Privacy not found!

Peep The All Seeing Spy EyeTrump demands secrecy himself but you cannot use the Internet with any privacy. To add insult to injury, every major company in any ties to the Internet are selling or going to be selling information about you.

Congress voted to repeal the Federal Communications Commission’s broadband privacy rules on March 28.  President Trump signed the legislation (SR Res 34) April 3rd, to take the regulations off the books and prevent future privacy rules.

Evan Greer, campaign director of Fight for the Future, “the only people in the United States who want less Internet privacy are CEOs and lobbyists for giant telecom companies who want to rake in money by spying on all of us and selling the private details of our lives to marketing companies.”

Federal Communications Commission Chairman Ajit Pai said “It is worth remembering that the FCC’s own overreach created the problem we are facing today. Until 2015, the Federal Trade Commission was protecting consumers very effectively, policing every online company’s privacy practices consistently and initiating numerous enforcement actions. However, two years ago, the FCC stripped the FTC of its authority over Internet service providers. At the time, I strongly opposed usurping the FTC, and the FCC’s struggles to address the privacy issue over the past couple of years (along with its refusal to recognize consumers’ uniform expectation of privacy) has only strengthened that view.”

The FTC’s Privacy Guidelines seem to cover criminal acts with your data or very fragmented rules about using your data.  Rules about how AT&T, Comcast, and Verizon use and sell your data seem to be governed by the “Privacy” contract (3000 words) that you forced to sign before you can get service.  If you have every read one, you will find that they allow the company to do just about anything with your data and change the contract at anytime.

Big Data cartoonCollecting, using, and selling your data has become a huge growth industry benignly called Big Data.  This industry collects, analyzes, and extracts value (make money).  Facebook is a database marketing company, posing as a social networking service, that eliminated the need for data collection and data entry by convincing 1.86 billion+ people to enter lots of data about themselves.

Pandora’s iPhone

Pandora's iPhoneThe U.S. government’s case against Apple to force Apple to change the iPhone’s operating system software, iOS to allow access to a terrorist’s information is an issue that impacts all of us.

Even though the FBI has insisted that this is just about this case is just about a single phone, the end result would be opening Pandora’s Box or iPhone in this case.  Once the solution has been created, everyone will want to use it; the British, the French, the Russians, your wife’s divorce lawyer….  And the FBI has other cases where this might be used to compel Apple to change their product.  And once a method has be created, it will only be a matter of time (weeks or days) before hackers have created their own version to steal your identity and bank balance.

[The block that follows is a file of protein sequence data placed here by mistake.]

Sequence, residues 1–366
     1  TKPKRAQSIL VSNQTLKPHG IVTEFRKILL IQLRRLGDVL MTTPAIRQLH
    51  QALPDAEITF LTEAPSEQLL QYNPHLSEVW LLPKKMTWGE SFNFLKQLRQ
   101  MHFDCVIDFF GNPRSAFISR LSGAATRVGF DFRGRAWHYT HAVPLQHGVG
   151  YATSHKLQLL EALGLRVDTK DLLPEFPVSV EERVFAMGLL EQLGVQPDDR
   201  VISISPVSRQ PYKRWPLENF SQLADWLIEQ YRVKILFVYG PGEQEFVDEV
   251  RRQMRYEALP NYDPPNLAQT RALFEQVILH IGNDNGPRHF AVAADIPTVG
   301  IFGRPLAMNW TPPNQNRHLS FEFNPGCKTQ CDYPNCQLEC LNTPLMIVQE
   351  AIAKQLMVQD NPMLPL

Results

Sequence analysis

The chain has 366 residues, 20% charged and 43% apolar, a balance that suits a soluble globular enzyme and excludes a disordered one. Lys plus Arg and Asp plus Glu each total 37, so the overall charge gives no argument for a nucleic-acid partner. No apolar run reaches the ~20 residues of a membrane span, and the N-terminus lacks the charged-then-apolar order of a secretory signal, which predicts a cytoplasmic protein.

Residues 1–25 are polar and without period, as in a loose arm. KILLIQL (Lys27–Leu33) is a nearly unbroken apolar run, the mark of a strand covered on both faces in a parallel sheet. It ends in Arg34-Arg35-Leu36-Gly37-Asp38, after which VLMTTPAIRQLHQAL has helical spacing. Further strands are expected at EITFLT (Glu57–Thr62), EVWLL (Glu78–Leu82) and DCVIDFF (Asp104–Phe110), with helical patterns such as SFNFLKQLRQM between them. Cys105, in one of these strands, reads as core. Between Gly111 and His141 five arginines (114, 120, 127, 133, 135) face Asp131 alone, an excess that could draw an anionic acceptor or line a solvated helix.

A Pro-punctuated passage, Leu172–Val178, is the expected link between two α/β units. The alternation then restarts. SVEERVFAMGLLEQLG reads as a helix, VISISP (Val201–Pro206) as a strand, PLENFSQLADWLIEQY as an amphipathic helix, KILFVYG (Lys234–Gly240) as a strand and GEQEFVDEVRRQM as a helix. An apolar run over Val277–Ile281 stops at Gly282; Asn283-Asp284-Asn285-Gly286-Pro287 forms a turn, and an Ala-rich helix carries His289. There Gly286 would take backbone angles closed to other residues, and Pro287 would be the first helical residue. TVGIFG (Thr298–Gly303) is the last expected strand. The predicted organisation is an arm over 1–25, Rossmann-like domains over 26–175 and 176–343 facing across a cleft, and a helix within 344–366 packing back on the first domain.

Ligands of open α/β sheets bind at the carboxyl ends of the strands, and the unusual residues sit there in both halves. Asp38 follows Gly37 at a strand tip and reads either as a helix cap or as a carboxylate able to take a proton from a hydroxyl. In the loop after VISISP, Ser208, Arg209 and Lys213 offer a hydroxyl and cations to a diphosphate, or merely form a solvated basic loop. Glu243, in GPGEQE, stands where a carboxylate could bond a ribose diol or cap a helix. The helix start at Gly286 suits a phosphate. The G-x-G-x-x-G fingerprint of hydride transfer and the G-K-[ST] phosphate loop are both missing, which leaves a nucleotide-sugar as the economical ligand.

As the government demands access to our secrets, they demand their secrets are protected by the highest level of encryption in the name of “National Security,” some which turnout to be questionable and illegal, many exposed by Edward Snowden in 2013.  On the opposite side, the government does have valid reasons for protecting certain information and so do citizens.

We all should be creating or buying the best encryption technology available to protect our lives, liberties, and bank accounts.  Our government should not be trying to weaken that protection.  Maybe it is time to create an explicit Right to Privacy in our constitution instead of the current maze of laws and implied protections.

Global Post rails against privacy!?

I was surfing my news feeds and ran across this post on the Global Post that gave me pause.  Here is a quote from their site with emphasis added.

The letter was published a day before House Judiciary committee members will debate on the Stop Online Privacy Act introduced by Rep. Lamar Smith (R-Tex.). Although Smith’s bill has attracted tons of support from media firms and the Hollywood industry, web companies and public interest groups strong oppose it, the Washington Post reported.